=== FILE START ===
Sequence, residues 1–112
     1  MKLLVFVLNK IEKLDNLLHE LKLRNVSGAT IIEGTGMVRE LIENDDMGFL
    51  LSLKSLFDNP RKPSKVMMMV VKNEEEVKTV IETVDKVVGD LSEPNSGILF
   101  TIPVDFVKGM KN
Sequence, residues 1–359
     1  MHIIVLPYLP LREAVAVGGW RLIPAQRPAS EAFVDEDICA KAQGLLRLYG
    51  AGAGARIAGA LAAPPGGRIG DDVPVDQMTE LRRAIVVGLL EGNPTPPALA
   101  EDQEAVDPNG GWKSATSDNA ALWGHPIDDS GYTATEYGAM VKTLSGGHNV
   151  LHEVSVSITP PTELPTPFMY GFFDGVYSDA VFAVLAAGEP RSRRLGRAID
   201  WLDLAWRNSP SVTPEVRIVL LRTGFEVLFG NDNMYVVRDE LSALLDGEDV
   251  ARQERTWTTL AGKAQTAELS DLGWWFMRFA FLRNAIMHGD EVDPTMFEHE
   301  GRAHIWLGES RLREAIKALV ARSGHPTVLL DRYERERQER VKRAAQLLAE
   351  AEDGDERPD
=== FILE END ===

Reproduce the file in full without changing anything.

Sequence, residues 1–112
     1  MKLLVFVLNK IEKLDNLLHE LKLRNVSGAT IIEGTGMVRE LIENDDMGFL
    51  LSLKSLFDNP RKPSKVMMMV VKNEEEVKTV IETVDKVVGD LSEPNSGILF
   101  TIPVDFVKGM KN
Sequence, residues 1–359
     1  MHIIVLPYLP LREAVAVGGW RLIPAQRPAS EAFVDEDICA KAQGLLRLYG
    51  AGAGARIAGA LAAPPGGRIG DDVPVDQMTE LRRAIVVGLL EGNPTPPALA
   101  EDQEAVDPNG GWKSATSDNA ALWGHPIDDS GYTATEYGAM VKTLSGGHNV
   151  LHEVSVSITP PTELPTPFMY GFFDGVYSDA VFAVLAAGEP RSRRLGRAID
   201  WLDLAWRNSP SVTPEVRIVL LRTGFEVLFG NDNMYVVRDE LSALLDGEDV
   251  ARQERTWTTL AGKAQTAELS DLGWWFMRFA FLRNAIMHGD EVDPTMFEHE
   301  GRAHIWLGES RLREAIKALV ARSGHPTVLL DRYERERQER VKRAAQLLAE
   351  AEDGDERPD